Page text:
I was expecting good things from Wherever You Go There You Are: Mindfulness Meditation in Everyday Life by Jon Kabat-Zinn. He’s quite well-known within the mindfulness world as the developer of mindfulness-based stress reduction (MBSR) and a founding director of the Center for Mindfulness at the University of Massachusetts Medical School. This book was a best-seller, but it managed to fall short of my expectations.
Things started off well. I appreciated the lightheartedness of such comments as meditation “does not involve becoming some kind of zombie, vegetable, self-absorbed, narcissist, navel gazer, [or] space cadet”. The book attempted to provide quick and easy access to the fundamentals of mindfulness meditation, with the message that anyone can meditate. However, I didn’t find that it actually made mindfulness meditation more acceptable; to be honest, I was very tempted to give up partway through.
The book focused more on formal meditation practices and less on informal mindfulness practices than I was expecting. The author wrote about sitting to meditate not as simply the physical act, but a sort of profound capital-S Sitting. I’ve heard that use of the term before and it’s always somehow struck me as a tad pretentious, although I’m sure that’s not the intent. Walking meditation was also covered, with a lot of attention given to a formal practice focused on the motions of walking. I was a bit disappointed by this, as one of my favourite ways to be mindful is to walk outside and pay attention to the beauty of nature.
At the stress reduction clinic where the author practices, they have clients do an introductory 45-minute body scan while lying down. That’s fine if it works for them, but it’s a pretty serious commitment that I suspect the average person isn’t prepared to make.
There were some good suggestions, including trusting your own ability to reflect and grow, and being generous to yourself and others. Kabat-Zinn explained that it’s possible to find understanding and transformation in the present moment. He wrote, “You cannot escape yourself, try as you might”. A variety of metaphors were used to illustrate important concepts. Some of these seemed quite intuitive, such as you can’t stop the waves but you can learn to surf, and awareness is like a pot that is able to contain strong emotions. Other metaphors made less sense to me, like the idea that we are dancing mountains or that parenting is like an extended meditation retreat, with the child as the Zen master. The author also likened sitting with our breathing to sitting by an open fire back in the caveman days, which struck me as a bit of an connection.
At times, the book ventured into more obscure territory, which is where it really lost me. The author suggests contemplating “what is my Way?” as part of meditation practice, adding that “as a human being, you are the central figure in the universal hero’s mythic journey.” A quirk that irritated me slightly was Kabat-Zinn’s apparent love-on for Henry David Thoreau’s book Walden, which is quoted frequently. I’m not familiar with Walden, nor am I really sure why I’m supposed to care.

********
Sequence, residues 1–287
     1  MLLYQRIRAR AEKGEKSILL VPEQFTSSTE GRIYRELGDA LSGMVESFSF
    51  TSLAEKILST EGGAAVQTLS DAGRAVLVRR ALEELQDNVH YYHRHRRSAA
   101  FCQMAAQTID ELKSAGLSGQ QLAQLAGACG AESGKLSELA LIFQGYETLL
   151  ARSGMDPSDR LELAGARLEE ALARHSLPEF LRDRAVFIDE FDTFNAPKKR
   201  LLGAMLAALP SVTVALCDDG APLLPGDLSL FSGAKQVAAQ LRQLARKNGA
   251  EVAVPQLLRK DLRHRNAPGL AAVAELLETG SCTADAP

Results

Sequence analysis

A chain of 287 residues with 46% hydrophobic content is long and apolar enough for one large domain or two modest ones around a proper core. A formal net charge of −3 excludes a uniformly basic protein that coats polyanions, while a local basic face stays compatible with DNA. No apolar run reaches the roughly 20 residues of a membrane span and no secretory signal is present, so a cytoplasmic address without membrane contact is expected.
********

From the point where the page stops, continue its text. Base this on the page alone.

I probably would have viewed the book differently had I been looking for something heavily focused on formal meditation of the capital-s Sitting variety. However, that’s just not my preference for incorporating mindfulness into my everyday life. I’m not someone who has any desire to go to a silent meditation retreat; it’s just not how I want to approach my journey towards greater mindfulness.
I’ll leave you with this sentence from the afterword, which I think really captures the book as a whole:
Can we realize that wherever we go, there we are and that this “there” is always “here” and so requires at least acknowledgment and perhaps a degree of acceptance of what is, however it is, because it already is?
Wherever You Go There You Are is available on Amazon (affiliate link).
You can find my other reviews on the MH@H book review index or on Goodreads.
7 thoughts on “Book Review: Wherever You Go There You Are”
I totally agree. I was given this book years ago. I found it didn’t live up to it’s subtitle – this is not about mindfulness in everyday life. There are some good tidbits in here, but it wasn’t particularly helpful for me as someone who wants to do mindfulness practices at home.
Yeah same here.
I’ve heard Kabat-Zinn’s name come up a lot when people talk about mindfulness, but this doesn’t encourage me to search out his writing. I’ve tried meditation in the past, but when the depression is bad, it’s hard to meditate – it provokes a lot of anxious thoughts in me, to the point where I can’t sit still (not usually a problem for me). Then I get out of the habit and it’s hard to get back into it when the depression is gone (I used to try to read a poem every day, but that stopped for the same reason: too hard to do it when depressed, too hard to get back in the habit when not depressed).
I like the idea of mindfulness because it doesn’t have to be directed inward. I’m like you, when the depression is bad I have no desire to focus inwardly.
That’s a shame, I always said I’d read that someday. I think you need to find your own meditation and what works for you. I have that with the Headspace app 🙂
Oh that’s good. I used to use the Simple Habit app and was quite happy with it – I should get back into that more regularly.